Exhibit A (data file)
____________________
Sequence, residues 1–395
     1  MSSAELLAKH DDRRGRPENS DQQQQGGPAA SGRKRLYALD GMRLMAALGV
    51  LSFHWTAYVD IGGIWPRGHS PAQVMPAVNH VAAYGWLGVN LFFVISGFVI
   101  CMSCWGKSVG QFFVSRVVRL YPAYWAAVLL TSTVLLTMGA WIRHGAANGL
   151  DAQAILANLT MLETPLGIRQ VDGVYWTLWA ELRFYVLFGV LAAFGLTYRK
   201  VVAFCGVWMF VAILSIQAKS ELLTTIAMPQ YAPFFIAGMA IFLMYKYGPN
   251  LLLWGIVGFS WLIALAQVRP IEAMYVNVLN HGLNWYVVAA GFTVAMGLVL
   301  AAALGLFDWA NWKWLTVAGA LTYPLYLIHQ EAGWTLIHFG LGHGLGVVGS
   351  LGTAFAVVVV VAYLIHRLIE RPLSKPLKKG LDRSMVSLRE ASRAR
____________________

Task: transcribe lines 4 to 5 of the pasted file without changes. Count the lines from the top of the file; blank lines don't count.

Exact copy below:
   101  CMSCWGKSVG QFFVSRVVRL YPAYWAAVLL TSTVLLTMGA WIRHGAANGL
   151  DAQAILANLT MLETPLGIRQ VDGVYWTLWA ELRFYVLFGV LAAFGLTYRK